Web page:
611 W. Union Street
Benson, AZ 85602
(520) 586-0800

Health Choice Integrated Care crisis Line

NurseWise 24-Hour Crisis Line


611 W. Union Street
Benson, AZ 85602
(520) 586-0800

NurseWise 24-Hr Crisis Line


powered by centersite dot net

Getting Started
Here are some forms to get started. These can be printed and brought with you so that you can pre-fill out some known info ahead of time. More...

Health Sciences
Basic InformationLatest NewsQuestions and AnswersLinksBook Reviews
A Companion to GenethicsA Mind So RareA Mood ApartAcquiring GenomesAdaptive DynamicsAlterations of ConsciousnessAltered EgosAn Introduction to the Philosophy of MindAre We Hardwired?Being HumanBelief's Own EthicsBeyond GeneticsBiological Complexity and Integrative PluralismBody BazaarBrain Evolution and CognitionCloningCoherence in Thought and ActionConsciousness and the NovelConsciousness EmergingConsciousness EvolvingConsciousness in ActionConsciousness RecoveredConsciousness, Color, and ContentCreating Mental IllnessDarwinizing CultureDecoding DarknessDescriptions and PrescriptionsDynamics in ActionEmotionEmpathy and AgencyEvolutionEvolution and the Human MindEvolution's RainbowEvolutionary Origins of MoralityExploding the Gene MythFinding Consciousness in the BrainFrom Certainty to UncertaintyFurnishing the MindGenomeGetting HookedHeroes, Rogues, and LoversHeuristics and BiasesHow to Solve the Mind-Body ProblemHuman Nature and the Limits of ScienceHuman TrialsI of the VortexImproving Nature?In Our Own ImageIndividual Differences in Conscious ExperienceInformation ArtsIntelligence, Race, and GeneticsIntentions and IntentionalityMatters of the MindMind and MechanismModels of the SelfMy Double UnveiledNarrative and IdentityNaturalism and the Human ConditionNeurons and NetworksNorms of NatureOrigins of Human NatureOrigins of PsychopathologyOxford Guide to the MindPassionate EnginesPhilosophy and the NeurosciencesPhysicalism and Its DiscontentsPlaying God?PromiscuityProzac BacklashPsychiatry in the New MilleniumPsychological Concepts and Biological PsychiatryPsychological Dimensions of the SelfPsychologyRational Choice in an Uncertain WorldReclaiming CognitionRedesigning HumansSociological Perspectives on the New GeneticsSorting Things OutStrong FeelingsSurprise, Uncertainty, and Mental StructuresSynesthesia : A Union of the SensesThe Barmaid's BrainThe Birth of the MindThe Book of LifeThe Caldron of ConsciousnessThe Century of the GeneThe Cognitive Basis of ScienceThe Cognitive Neuroscience of ConsciousnessThe Conscious MindThe Debated MindThe Developing MindThe Dream DrugstoreThe Dynamic NeuronThe Empirical StanceThe Evolution of MindThe Illusion of Conscious WillThe Limits of Autobiography The Madness of Adam and EveThe Maladapted MindThe Mind's PastThe Misunderstood GeneThe Nature of ConsciousnessThe Nature of IntelligenceThe New PhrenologyThe Presence of MindThe Problem of the SoulThe Race for ConsciousnessThe Shattered SelfThe Significance of ConsciousnessThe Social Construction of What?The Terrible GiftThe Theory of OptionsThe Triumph of SociobiologyThe View from WithinThinks...Understanding CloningUnderstanding EmotionsUnderstanding the GenomeUp From DragonsWhat Genes Can't DoWhat It Means to Be 98 Percent ChimpanzeeWhere the Action IsWho Rules in ScienceWhy Smart People Can Be So StupidWhy We Lie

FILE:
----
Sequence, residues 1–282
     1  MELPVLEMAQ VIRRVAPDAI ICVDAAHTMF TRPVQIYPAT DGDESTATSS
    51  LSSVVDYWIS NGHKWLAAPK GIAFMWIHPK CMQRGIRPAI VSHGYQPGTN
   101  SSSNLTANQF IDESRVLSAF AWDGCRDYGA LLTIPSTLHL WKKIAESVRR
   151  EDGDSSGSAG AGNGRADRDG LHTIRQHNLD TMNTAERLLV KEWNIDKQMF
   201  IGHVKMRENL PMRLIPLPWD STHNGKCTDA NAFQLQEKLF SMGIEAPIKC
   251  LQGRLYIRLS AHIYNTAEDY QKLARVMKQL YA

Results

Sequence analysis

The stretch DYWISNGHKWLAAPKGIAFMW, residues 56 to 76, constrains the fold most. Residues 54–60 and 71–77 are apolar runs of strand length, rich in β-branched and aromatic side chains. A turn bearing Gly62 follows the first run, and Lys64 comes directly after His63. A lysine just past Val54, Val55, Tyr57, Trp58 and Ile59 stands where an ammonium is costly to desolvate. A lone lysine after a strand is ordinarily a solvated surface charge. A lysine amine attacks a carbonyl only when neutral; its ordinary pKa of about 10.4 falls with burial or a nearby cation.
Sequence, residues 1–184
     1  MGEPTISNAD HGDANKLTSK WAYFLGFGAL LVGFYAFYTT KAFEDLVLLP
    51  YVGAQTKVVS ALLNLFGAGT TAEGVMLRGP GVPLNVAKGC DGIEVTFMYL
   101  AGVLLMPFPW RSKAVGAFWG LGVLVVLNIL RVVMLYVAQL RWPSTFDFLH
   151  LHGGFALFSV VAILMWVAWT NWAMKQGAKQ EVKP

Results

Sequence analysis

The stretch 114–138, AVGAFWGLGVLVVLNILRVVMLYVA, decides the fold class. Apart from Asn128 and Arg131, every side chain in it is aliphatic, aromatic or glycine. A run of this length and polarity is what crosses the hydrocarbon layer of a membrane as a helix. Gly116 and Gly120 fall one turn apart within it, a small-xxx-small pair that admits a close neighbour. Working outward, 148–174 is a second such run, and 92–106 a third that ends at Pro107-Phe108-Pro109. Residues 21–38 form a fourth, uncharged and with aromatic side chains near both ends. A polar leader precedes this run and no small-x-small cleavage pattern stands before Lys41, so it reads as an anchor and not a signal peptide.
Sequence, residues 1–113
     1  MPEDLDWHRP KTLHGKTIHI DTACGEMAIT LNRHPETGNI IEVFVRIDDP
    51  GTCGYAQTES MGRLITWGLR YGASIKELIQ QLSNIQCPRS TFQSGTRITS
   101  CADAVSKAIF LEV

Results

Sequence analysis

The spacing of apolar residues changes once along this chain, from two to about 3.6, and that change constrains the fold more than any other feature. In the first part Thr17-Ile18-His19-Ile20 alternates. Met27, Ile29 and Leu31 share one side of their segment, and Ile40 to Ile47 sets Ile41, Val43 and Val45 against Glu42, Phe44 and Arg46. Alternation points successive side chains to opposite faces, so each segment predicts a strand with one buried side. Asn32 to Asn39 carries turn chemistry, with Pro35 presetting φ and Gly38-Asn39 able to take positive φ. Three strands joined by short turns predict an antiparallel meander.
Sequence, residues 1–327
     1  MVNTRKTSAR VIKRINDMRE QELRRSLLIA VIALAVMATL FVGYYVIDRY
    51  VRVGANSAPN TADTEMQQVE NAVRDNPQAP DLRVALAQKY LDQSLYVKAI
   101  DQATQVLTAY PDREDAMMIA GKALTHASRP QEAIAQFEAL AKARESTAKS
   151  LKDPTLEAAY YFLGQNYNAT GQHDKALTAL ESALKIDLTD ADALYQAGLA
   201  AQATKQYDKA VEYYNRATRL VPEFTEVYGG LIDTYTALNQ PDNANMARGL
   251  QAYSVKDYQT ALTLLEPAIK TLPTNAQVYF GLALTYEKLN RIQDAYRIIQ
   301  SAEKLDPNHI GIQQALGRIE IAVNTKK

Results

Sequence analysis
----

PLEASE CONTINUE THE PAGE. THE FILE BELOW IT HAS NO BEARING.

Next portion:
Related Topics

Medical Disorders
Mental Disorders
Mental Health Professions

by John R. Skoyles and Dorion Sagan
McGraw-Hill, 2002
Review by Anthony Dickinson, Ph.D. on Sep 26th 2002

Up From Dragons

Championing the ascent of reptiles as much as the descent of man, this thoughtful volume on the evolution of intelligence by Skoyles and Sagan is a welcome addition to the nature/nurture neurophilosophy shelf. The authors take us well beyond the 'usual suspects' listing of gross anatomical brain structure and function of the familiar phyla, traveling a welcome breadth of comparative data to include a wide variety of species (including our earlier selves). Rather than merely outline the familiar shopping list(s) of evolving structures culminating in the development of the modern human cerebral cortex, Skoyles & Sagan do not end with the discussion of its distinctive "associative" or "silent" areas of the brain of old (as so many other authors are still content to do). Instead, and throughout the book's eighteen chapters, we are treated to a series of detailed proposals concerned with the continuously adaptive neural architecture of both the intra- and inter-cerebral structures underlying the evolution human intelligent behavior.